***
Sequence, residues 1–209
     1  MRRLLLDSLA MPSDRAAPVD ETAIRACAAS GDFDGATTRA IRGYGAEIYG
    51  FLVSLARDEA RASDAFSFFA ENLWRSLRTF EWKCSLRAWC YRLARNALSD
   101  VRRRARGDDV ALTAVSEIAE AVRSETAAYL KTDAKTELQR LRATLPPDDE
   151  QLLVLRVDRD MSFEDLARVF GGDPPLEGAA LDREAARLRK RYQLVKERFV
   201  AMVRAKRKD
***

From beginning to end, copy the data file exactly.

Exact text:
Sequence, residues 1–209
     1  MRRLLLDSLA MPSDRAAPVD ETAIRACAAS GDFDGATTRA IRGYGAEIYG
    51  FLVSLARDEA RASDAFSFFA ENLWRSLRTF EWKCSLRAWC YRLARNALSD
   101  VRRRARGDDV ALTAVSEIAE AVRSETAAYL KTDAKTELQR LRATLPPDDE
   151  QLLVLRVDRD MSFEDLARVF GGDPPLEGAA LDREAARLRK RYQLVKERFV
   201  AMVRAKRKD